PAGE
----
The American Academy of Pediatrics on Monday recommended that all children over the age of 2 wear masks when returning to school this year, regardless of vaccination status.
The AAP, which said its important for children to return to in-person learning this year, recommends that school staff also wear masks. The AAP is calling the new guidance a "layered approach."
“We need to prioritize getting children back into schools alongside their friends and their teachers — and we all play a role in making sure it happens safely,” said Sonja O’Leary, chair of the AAP Council on School Health. "Combining layers of protection that include vaccinations, masking and clean hands hygiene will make in-person learning safe and possible for everyone.”
The AAP said universal masking is necessary because much of the student population is not vaccinated, and it's hard for schools to determine who is as new variants emerge that might spread more easily among children.
Children 12 and over are eligible for Covid-19 vaccinations in the U.S. And the FDA said last week that emergency authorization for vaccines for children under 12 could come in early to midwinter.
Dr. Anthony Fauci, director of the National Institute of Allergy and Infectious Diseases and chief medical adviser to the president, said on CNN Monday that the guidance makes sense.
"When you have a degree of viral dynamics in the community, and you have a substantial proportion of the population that is unvaccinated, that you really want to go the extra step, the extra mile to make sure that there's not a lot of transmission, even breakthrough infections among vaccinated individuals," he said.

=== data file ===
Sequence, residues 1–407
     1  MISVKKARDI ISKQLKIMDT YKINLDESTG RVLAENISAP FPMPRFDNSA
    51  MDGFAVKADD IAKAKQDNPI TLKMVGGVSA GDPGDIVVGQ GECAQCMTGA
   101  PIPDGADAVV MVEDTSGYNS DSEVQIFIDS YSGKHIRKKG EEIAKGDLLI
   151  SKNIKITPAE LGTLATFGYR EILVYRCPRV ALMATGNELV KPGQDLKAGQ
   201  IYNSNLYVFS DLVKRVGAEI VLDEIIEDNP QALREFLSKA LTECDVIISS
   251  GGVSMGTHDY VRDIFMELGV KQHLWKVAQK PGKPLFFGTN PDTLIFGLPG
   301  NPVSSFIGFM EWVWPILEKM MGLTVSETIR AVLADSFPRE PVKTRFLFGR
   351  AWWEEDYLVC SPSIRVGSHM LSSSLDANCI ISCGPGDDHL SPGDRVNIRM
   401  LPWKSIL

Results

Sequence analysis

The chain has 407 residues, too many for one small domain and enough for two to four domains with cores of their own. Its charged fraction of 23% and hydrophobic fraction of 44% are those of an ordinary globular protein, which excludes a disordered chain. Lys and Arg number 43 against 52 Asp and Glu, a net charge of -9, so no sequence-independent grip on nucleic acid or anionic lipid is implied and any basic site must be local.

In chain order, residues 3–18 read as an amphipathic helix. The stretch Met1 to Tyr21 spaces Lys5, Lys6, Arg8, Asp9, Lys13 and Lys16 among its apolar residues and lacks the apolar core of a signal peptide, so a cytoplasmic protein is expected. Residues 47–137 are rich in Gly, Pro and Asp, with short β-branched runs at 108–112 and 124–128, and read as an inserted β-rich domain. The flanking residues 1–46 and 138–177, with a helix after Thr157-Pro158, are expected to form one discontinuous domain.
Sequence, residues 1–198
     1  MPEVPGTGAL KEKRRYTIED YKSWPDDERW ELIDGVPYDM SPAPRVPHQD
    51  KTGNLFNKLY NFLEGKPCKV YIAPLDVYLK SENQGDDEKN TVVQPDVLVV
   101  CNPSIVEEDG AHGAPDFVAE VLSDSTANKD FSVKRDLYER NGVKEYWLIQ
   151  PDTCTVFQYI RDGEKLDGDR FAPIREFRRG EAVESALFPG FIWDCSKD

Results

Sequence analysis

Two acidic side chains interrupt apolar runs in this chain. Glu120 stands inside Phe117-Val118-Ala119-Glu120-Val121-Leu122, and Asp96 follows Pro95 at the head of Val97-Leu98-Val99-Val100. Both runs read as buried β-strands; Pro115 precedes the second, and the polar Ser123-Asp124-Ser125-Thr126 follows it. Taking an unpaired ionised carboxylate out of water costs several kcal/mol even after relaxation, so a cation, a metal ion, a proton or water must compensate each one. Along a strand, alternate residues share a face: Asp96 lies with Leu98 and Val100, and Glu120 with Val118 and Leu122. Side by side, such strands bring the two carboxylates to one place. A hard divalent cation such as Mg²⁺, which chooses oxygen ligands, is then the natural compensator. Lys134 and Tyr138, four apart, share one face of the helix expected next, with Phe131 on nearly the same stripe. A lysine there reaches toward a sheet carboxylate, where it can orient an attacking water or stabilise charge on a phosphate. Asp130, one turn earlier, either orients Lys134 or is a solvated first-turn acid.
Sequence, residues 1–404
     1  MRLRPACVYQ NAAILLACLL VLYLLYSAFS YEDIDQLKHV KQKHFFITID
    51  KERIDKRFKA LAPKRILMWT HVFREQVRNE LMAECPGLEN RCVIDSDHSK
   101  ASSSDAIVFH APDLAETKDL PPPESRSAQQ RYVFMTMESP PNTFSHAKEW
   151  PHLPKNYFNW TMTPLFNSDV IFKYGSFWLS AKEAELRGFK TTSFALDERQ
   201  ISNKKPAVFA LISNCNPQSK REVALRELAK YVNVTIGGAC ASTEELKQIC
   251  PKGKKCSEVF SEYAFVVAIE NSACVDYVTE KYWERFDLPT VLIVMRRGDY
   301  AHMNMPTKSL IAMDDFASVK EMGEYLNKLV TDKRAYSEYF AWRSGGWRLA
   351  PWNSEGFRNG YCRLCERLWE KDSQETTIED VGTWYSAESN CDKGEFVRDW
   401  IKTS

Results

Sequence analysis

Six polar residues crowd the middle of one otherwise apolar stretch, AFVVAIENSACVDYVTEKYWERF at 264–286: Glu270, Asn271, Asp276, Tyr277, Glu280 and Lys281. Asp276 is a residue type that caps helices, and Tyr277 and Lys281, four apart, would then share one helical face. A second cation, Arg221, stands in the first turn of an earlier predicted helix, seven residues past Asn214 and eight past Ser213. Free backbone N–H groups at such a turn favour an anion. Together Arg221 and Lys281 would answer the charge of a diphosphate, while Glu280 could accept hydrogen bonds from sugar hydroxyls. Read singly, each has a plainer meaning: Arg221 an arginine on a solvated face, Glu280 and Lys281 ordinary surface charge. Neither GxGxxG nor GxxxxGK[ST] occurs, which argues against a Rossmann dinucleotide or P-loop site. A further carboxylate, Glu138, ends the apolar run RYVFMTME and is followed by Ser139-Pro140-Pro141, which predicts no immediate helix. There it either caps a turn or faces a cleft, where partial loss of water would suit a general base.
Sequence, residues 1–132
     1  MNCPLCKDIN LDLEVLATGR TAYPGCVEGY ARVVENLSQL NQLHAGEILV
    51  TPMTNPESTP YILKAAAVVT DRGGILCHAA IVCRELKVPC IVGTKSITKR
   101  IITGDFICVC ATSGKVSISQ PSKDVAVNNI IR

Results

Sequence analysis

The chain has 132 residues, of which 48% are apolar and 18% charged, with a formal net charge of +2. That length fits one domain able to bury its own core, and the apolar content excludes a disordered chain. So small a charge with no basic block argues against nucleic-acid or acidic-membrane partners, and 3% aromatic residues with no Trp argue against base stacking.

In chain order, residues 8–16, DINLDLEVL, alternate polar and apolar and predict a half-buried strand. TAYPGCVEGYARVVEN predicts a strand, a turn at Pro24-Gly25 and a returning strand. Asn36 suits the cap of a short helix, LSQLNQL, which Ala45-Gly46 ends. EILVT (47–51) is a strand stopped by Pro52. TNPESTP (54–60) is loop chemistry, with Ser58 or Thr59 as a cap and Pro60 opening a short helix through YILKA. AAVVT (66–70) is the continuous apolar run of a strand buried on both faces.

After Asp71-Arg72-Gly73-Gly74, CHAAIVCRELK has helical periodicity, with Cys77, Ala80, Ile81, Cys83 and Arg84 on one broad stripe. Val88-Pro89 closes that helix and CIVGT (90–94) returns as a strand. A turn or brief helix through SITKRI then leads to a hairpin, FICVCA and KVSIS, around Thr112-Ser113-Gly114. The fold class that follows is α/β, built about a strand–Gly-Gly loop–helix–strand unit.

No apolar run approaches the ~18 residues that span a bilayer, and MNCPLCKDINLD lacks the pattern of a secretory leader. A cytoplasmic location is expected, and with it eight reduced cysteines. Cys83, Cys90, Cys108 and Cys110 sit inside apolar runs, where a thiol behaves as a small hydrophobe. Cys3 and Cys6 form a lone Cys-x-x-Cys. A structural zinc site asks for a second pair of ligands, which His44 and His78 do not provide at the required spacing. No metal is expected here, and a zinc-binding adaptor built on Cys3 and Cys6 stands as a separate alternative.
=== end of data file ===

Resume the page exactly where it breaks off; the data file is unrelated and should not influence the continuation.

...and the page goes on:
“I think that the American Academy of Pediatrics, you know, they're a thoughtful group, they analyze the situation and if they feel that that's the way to go, I think that's a reasonable thing to do," Fauci added.
Universal masking will also protect students and staff from other respiratory illnesses that could keep kids out of school, the AAP said.
The AAP also said that campers should wear masks during indoor activities.
The Centers for Disease Control and Prevention recommended this month that vaccinated students do not have to wear masks in classrooms.
Dr. Francis Collins, director of the National Institutes of Health, said on MSNBC that the CDC may have been trying to be a little more lenient, allowing people to make judgment calls "depending on the circumstances in your school and your community."
But he said he understands where the AAP is coming from.
"They will not be popular amongst parents and kids who are sick of masks, but you know what? The virus doesn't care that we're sick of masks," Collins said. "The virus is having another version of its wonderful party for itself. And to the degree that we can squash that by doing something that maybe is a little uncomfortable, a little inconvenient ... if it looks like it's going to help, put the mask back on for a while."
What has not changed is guidance for children under the age of 2, which says it is dangerous for newborns and infants to wear masks because they can pose a suffocation risk, and babies and toddlers may try to remove them, actually increasing their chance of catching the virus.
All children should get caught up on vaccines they may have missed getting in the midst of the pandemic, like the flu shot, the AAP said.
“The last thing we want as we come out of this pandemic is an outbreak of another vaccine-preventable disease,” O’Leary said. “Now is the time for all of us to work together to keep our kids healthy and safe."